- Grow the Oversight Board. By this I mean all the platforms — at the very least all the global ones (Facebook, Reddit, Snapchat, TikTok, Twitter and YouTube) — should participate in the Board’s work on appeals to content moderation decisions, as well as on the policy recommendations that the Board says it will eventually be making. I suggested this would happen, and now we’re told there has been discussion about it. Let’s hope the collaboration does happen; I suspect it’s the business model of the independent nonprofit entity that supports the Board and thus needed once it runs through Facebook’s $130 million in seed funding. These two forms of user care — help with abusive content in real time through helplines and hearing appeals to content decisions after the fact—are key to addressing the user care side of the 2-part equation of protecting users and free speech simultaneously. So what about the free speech side?…
- Commit to continue collaborating & innovating. The work can’t stop with the above four steps. Protecting freedom of expression worldwide against those who would chill, censor or exploit, whether individual or state actors, will take ongoing collective discussion and innovation on the platforms’ part. It will take all the above plus algorithms plus social innovation. The platforms will need to establish internal teams to 1) liaise with their industry peers, helplines and the Oversight Board and 2) keep the discussion and innovation up with changing conditions in media and societies around the world. Call them “Pro-Social Media Teams.” With a commitment to make social media for the social good, they will innovate in response to new problems as they arise.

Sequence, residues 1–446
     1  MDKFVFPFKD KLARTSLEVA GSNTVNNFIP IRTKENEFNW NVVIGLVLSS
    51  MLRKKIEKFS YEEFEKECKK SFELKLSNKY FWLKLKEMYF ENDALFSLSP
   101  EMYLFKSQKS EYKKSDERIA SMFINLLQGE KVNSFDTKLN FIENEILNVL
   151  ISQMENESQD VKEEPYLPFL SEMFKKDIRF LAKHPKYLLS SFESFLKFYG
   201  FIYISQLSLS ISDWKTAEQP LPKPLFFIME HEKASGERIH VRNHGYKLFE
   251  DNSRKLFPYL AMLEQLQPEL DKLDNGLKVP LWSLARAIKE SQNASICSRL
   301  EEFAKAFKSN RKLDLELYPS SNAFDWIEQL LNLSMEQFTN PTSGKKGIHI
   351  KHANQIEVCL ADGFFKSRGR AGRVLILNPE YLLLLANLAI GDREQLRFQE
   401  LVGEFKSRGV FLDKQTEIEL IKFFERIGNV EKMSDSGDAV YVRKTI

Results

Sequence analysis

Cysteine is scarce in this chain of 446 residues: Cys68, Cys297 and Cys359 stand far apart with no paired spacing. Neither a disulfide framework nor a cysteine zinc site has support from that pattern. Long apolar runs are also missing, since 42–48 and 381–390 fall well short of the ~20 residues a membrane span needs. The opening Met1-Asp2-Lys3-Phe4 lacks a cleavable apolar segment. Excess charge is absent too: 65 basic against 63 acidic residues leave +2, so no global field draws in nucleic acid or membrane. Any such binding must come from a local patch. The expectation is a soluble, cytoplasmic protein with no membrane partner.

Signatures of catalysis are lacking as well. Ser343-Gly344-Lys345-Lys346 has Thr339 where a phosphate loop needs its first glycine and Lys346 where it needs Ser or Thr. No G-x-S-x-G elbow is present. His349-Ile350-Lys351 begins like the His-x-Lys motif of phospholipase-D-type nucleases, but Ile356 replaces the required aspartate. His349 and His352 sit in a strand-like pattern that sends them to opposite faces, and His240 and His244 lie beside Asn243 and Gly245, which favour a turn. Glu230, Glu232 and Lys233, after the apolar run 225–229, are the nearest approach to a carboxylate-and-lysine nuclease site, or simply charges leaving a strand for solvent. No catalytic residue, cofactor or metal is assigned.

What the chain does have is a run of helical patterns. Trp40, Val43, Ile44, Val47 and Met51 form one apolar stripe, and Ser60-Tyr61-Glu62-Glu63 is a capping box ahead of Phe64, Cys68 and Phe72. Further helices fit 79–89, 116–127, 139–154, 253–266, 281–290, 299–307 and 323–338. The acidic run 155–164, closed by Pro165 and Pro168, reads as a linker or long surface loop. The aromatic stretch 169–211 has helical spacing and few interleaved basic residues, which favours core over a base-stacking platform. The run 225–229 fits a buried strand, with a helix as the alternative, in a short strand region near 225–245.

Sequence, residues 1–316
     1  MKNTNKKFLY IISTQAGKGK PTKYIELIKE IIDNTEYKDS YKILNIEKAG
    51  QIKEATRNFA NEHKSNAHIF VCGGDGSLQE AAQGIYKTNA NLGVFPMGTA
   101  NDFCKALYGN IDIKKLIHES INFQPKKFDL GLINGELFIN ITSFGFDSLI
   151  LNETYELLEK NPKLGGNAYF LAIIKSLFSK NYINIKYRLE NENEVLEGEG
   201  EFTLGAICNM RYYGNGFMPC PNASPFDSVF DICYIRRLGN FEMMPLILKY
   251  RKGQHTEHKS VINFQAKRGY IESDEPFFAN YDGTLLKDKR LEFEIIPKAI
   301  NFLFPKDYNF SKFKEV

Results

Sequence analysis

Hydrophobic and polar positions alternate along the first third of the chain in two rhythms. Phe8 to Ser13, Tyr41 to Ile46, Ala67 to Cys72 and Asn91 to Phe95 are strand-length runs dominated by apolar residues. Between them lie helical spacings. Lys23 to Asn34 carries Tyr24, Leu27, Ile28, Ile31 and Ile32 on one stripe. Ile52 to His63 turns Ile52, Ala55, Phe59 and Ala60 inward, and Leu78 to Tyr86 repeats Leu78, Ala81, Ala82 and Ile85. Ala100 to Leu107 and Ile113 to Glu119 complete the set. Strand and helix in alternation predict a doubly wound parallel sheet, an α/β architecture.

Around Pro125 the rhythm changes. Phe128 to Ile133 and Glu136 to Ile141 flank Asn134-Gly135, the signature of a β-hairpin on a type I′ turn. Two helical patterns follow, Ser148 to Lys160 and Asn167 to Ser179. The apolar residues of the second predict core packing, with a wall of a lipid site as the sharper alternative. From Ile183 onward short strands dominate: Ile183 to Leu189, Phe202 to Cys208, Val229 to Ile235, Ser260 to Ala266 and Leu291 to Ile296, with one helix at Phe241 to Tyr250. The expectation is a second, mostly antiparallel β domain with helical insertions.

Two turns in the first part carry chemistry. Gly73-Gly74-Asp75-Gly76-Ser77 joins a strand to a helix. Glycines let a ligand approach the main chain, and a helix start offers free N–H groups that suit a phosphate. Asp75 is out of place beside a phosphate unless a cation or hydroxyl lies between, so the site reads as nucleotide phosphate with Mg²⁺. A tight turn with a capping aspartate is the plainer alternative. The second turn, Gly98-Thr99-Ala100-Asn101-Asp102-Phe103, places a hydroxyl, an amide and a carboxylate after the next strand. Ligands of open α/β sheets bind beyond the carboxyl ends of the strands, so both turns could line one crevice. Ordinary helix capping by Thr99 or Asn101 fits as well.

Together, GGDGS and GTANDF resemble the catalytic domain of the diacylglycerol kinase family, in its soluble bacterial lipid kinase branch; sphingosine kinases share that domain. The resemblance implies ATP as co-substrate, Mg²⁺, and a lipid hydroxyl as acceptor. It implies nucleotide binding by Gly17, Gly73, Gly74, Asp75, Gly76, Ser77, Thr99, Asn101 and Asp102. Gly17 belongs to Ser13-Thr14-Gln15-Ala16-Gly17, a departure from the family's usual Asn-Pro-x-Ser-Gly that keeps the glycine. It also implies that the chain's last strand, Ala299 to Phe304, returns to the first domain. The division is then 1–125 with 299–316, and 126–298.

The only way
As for how we got to this critical point where social media is both a source of despair and a source of comfort, pure paradox, see my latest post at NetFamilyNews.org under “Unplanned obsolescence.”
Some people think there’s no way the platforms could be part of the solution. I disagree. Nobody has more expertise than they do in just how difficult it is to make decisions about the impacts of content, in particular from heads of state — and how to make them with integrity, with the aim to minimize harm to people, free speech and societies. Nobody understands better how to create the tools that support the human beings who make those decisions. They’ve come a long way; they also have a long way to go. We can’t leave it to them, but we need to work with them—”we” being governments, researchers, activists, advocates, helpers and users.